For years now health professionals, educators and government officials have been warning about the dangers of vaping by children and trying to come up with ways to eradicate the practice.

Newtown Borough officials did so earlier this year, passing an amended "Young Lungs at Play" resolution adding vaping to the smoking prohibition in its town parks.

Yet despite attempts to spread the word about the dangers of e-cigarettes and to impose regulations meant to discourage their use by young people, the problem persists.

Electronic cigarettes have been described as a less dangerous alternative to regular cigarettes, but they contain heavy amounts of nicotine, which health officials say is harmful to developing brains and might make kids more likely to take up cigarettes. According to the surgeon general, each Juul cartridge contains as much nicotine as a pack of cigarettes, and it’s formulated to give a smoother, more potent buzz that can get people hooked quickly.

It’s almost time for a new school year, meaning educators once again will be put in the difficult position of trying to tame a problem that’s so hard to control because popular vaping devices are so easy to hide.

And the latest news on the subject is not encouraging.

The Associated Press reported that as many as 50 people in at least six states have come down with breathing illnesses that may be linked to vaping products. No deaths have been reported, but at least a few have come close. Symptoms have included shortness of breath, fatigue, chest pain and vomiting.

Wisconsin health officials this month said they’ve seen 15 confirmed cases, with another 15 illnesses under investigation. New York officials are investigating 10, Illinois has seen at least six, and Minnesota doctors this week said they have four more. California and Indiana have also been looking into reported illnesses.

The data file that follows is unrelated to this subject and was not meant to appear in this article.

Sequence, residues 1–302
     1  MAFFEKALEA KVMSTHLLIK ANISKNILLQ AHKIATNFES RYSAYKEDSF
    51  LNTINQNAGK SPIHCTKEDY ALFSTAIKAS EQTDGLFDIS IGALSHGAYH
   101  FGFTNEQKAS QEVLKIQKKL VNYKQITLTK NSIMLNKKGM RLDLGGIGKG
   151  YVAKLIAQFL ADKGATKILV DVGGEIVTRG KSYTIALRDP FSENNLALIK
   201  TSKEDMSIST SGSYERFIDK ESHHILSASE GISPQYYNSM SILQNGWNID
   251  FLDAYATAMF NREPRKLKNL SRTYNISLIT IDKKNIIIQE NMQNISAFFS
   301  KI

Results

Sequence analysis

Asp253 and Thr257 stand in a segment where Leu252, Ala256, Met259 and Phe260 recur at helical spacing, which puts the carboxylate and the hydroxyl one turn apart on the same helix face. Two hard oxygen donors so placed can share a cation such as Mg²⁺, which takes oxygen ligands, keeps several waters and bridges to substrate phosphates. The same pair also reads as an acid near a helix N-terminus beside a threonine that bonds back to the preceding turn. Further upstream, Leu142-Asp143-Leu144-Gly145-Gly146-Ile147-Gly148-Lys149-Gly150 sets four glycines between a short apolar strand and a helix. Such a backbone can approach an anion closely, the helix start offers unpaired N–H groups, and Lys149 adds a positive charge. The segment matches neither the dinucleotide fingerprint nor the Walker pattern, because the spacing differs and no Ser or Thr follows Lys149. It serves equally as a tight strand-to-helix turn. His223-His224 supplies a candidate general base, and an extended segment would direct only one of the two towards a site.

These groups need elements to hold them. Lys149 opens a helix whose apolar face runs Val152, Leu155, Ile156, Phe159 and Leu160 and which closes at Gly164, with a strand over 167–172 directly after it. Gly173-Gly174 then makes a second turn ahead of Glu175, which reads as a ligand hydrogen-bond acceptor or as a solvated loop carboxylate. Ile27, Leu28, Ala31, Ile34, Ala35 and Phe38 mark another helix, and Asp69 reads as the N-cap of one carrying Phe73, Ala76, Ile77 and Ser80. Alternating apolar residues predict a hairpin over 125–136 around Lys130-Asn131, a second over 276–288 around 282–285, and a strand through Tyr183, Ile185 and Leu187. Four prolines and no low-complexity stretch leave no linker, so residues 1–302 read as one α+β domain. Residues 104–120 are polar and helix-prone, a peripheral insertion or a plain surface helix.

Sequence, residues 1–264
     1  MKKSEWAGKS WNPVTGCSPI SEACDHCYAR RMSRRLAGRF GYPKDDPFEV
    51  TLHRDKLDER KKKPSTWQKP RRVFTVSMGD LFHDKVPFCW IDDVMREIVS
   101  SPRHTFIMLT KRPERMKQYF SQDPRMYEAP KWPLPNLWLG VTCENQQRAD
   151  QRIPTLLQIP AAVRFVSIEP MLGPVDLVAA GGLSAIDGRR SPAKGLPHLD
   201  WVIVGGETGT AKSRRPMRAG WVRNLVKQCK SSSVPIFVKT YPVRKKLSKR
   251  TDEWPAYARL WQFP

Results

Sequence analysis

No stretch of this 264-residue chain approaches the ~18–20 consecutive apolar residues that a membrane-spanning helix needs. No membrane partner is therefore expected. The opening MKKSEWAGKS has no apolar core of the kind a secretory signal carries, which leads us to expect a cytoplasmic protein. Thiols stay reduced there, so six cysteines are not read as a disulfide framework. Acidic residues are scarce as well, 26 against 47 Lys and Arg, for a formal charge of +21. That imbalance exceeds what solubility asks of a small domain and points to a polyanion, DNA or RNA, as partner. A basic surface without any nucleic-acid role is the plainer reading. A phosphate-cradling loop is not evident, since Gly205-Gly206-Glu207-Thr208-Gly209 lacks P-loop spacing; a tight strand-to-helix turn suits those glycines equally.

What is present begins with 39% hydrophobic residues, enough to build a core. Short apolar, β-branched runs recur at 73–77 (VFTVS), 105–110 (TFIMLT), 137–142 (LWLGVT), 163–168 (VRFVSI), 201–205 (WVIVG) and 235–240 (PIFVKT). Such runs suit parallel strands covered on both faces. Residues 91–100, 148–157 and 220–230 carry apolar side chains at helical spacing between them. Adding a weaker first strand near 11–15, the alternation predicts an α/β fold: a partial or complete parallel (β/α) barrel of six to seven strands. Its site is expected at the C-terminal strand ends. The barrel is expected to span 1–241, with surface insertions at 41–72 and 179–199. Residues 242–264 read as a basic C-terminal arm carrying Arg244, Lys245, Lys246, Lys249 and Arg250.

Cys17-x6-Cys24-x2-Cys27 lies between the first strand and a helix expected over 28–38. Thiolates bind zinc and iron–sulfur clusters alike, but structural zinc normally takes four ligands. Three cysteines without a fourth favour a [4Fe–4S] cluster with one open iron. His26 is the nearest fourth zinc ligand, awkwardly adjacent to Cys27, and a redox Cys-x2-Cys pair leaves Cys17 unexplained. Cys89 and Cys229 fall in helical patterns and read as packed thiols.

Health officials have only been counting certain lung illnesses in which the person had vaped within three months. Most are teens, but some adult cases have also been reported. No single vaping device or liquid is associated with the illnesses.

One key question is why such cases are surfacing now, when e-cigarettes have been widely used for years. Dr. Anne Griffiths, a lung specialist who saw all four of the reported Minnesota cases and is convinced they’re related to vaping, said it’s possible illnesses previously weren’t recognized as being related to the practice.

It’s going to be difficult, but we must keep up the fight.

That means parents must be vigilant about ensuring their children understand the dangers of these products and make sure they’re not using them.

Retailers should put the public good ahead of the profit motive and refuse to carry the sort of vaping products most likely to appeal to kids.

And the government must keep up its efforts to pressure e-cigarette manufacturers and retailers to engage in proper practices.

It took decades to finally put a serious dent in the dangerous use of traditional tobacco products in this country. It would be a shame to lose all that ground now.

— MediaNews Group

comments powered by Disqus